In proportion as men progressed in general culture, and as the restoration of the civil, together with the reformation of the common, law, advanced, the Universities were enlarged and improved. These changes of course increased the celebrity of these institutions. The number of students became much enlarged. The amount of mind thus brought into active contact, was much aug. mented. The love of contention was aroused and cultivated. The two great orders of Dominican and Franciscan monks made Aristotle their text-book, and soon elevated him to that same eminence in theology, which he before possessed in philosophy. These questions becoming invested with supreme importance, on the intellectual arena of the age, soon engrossed the attention of the most celebrated thinkers. These causes gradually moulded the character and destiny of the Scholastic Theology. The history of these eminent men forms its most important and prosperous era. Their merits also confer upon it its highest honors.

II. SKETCH OF THE MOST EMINENT SCHOLASTICS. Peter Abelard, Venerabilis Inceptor, may properly be termed the great originator of the theology of the schools. By his means, THIRD SERIES, VOL. III. NO. I.

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it first obtained a definite form, as well as a decisive pre-eminence in the republic of letters. He was born of noble parentage, at Nantes, in 1079. He was first initiated into Theology by Roscelin, the founder of the school of the Nominalists. He was distinguished for his intellectual ability at an early age. When twenty years old he became the pupil of William de Champeaux, under whose tuition he studied dialectics. He soon established a rival school, which soon eclipsed his master. He subsequently continued his theological studies under Anselm. Disagreeing with his illustrious instructor, whom he seems to have excelled in acuteness, but not solidity of intellect, he established an independent school in theology also, which soon became celebrated.

At the age of forty, he was guilty of the seduction of his pupil, the beautiful and accomplished Heloise. She retired to a convent, and Abelard, after suffering a disgraceful punishment for his crime, resumed his lectures in theology. He now published his celebrated system. This work brought upon him the charge of heresy, and was burned by order of the council of Soissons, in 1121. He retired from his persecutors to a forest in Champaign, where multitudes of students soon gathered around him, and where he established the monastery of the Paraclete. This establishment he afterward presented to Heloise, of which she became Abbess. He was again charged with heresy by St. Bernard, “ the last and best of the Fathers," and set out for Rome in 1140 to vindicate himself. He stopped on his way at the celebrated monastery of Clugny, where, after remaining two years, and lecturing once more on theology, he died at the age of sixty-three.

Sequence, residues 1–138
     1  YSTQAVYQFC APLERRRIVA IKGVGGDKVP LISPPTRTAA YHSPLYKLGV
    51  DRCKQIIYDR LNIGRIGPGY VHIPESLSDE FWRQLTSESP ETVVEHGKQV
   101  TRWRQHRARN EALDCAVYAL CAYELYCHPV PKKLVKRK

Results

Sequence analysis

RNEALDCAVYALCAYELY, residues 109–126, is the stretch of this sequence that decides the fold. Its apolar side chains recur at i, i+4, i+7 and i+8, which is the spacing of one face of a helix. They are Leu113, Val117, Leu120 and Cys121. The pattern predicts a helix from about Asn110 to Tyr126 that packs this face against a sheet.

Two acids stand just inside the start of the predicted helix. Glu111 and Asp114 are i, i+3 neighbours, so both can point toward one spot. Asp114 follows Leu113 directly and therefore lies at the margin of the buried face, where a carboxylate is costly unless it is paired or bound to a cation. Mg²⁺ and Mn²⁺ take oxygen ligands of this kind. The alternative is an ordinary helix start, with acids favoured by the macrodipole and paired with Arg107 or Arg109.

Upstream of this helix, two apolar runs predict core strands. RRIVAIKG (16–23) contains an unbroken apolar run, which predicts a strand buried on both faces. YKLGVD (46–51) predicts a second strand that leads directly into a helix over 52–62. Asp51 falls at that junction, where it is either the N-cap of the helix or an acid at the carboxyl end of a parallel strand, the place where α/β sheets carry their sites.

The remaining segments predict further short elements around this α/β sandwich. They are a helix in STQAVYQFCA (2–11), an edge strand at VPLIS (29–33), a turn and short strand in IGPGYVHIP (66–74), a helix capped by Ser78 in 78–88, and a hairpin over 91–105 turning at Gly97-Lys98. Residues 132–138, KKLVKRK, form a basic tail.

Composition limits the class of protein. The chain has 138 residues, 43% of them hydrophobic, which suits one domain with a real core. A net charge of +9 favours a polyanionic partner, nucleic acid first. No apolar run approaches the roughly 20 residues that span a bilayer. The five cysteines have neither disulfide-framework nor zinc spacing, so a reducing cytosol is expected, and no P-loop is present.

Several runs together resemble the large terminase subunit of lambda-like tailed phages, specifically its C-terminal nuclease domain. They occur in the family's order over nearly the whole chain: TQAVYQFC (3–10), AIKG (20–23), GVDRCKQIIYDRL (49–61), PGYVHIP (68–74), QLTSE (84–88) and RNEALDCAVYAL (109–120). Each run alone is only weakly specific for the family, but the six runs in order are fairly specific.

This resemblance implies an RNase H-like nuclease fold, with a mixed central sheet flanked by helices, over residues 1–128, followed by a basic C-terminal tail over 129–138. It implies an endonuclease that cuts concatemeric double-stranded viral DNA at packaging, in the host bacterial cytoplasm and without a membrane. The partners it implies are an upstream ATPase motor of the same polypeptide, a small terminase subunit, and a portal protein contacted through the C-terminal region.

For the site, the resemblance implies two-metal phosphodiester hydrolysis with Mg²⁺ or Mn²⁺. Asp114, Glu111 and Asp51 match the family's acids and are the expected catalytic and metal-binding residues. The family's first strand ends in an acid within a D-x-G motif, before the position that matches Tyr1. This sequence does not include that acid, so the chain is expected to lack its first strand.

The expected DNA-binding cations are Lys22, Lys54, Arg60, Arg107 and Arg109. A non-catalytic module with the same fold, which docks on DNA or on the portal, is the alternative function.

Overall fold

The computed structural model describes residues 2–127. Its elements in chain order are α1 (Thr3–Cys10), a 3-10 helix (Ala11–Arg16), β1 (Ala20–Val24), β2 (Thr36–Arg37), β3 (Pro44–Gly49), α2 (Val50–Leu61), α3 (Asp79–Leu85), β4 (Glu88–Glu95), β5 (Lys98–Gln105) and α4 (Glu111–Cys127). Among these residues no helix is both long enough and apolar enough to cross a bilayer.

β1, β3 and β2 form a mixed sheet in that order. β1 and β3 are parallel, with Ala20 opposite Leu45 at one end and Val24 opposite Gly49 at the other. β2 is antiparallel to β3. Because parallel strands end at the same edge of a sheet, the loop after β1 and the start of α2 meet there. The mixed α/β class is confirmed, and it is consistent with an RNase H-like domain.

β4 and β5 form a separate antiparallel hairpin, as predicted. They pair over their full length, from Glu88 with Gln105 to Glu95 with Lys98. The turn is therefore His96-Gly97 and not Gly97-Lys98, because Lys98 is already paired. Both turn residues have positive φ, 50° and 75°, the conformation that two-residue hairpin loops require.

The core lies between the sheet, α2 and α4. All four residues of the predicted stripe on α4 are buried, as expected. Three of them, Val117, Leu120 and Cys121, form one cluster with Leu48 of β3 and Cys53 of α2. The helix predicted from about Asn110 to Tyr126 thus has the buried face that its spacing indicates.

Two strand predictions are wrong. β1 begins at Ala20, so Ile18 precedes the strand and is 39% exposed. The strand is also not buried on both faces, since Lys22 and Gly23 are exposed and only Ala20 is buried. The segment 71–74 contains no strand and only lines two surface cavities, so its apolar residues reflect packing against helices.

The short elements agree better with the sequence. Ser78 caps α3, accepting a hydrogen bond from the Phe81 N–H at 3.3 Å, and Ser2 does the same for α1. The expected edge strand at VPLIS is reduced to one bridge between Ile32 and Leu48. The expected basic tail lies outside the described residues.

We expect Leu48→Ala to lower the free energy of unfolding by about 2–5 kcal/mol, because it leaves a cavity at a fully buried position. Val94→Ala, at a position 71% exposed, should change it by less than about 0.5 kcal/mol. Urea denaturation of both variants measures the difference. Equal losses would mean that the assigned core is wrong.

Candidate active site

His works are chiefly his Epistles, a History of his Life till 1134, his Confession of Faith, his Commentary on Romans, and his Introduction to Theology, in Three Books. His life and adventures are among the most remarkable in history. They present a singular combination of great talents and great misfortunes. The latter he undoubtedly brought upon himself by his own imprudence. They served to embitter his days, as well as deeply tarnish his brightest honors.

Next in the order of time among the great lights of scholasticism, is St. Thomas Aquinas, Doctor Angelicus. He was born in 1225, at Aquino. When thirteen years of age, he was sent to the University of Naples. At seventeen, he commenced his novitiate at the Dominican convent in that city. This step was contrary to the wish of his father, Landulph, Count of Aquino. To avoid his family, he left Naples for Rome. Thence he fled to Paris. He was forcibly brought home, and confined in the paternal castle. Here he contrived to escape. Obtaining the encouragement of Innocent IV, he connected himself with the Dominicans at the age of twenty. At twenty-five, he began to lecture in Theology at Paris. Here he formed a close intimacy with St. Bonaventura,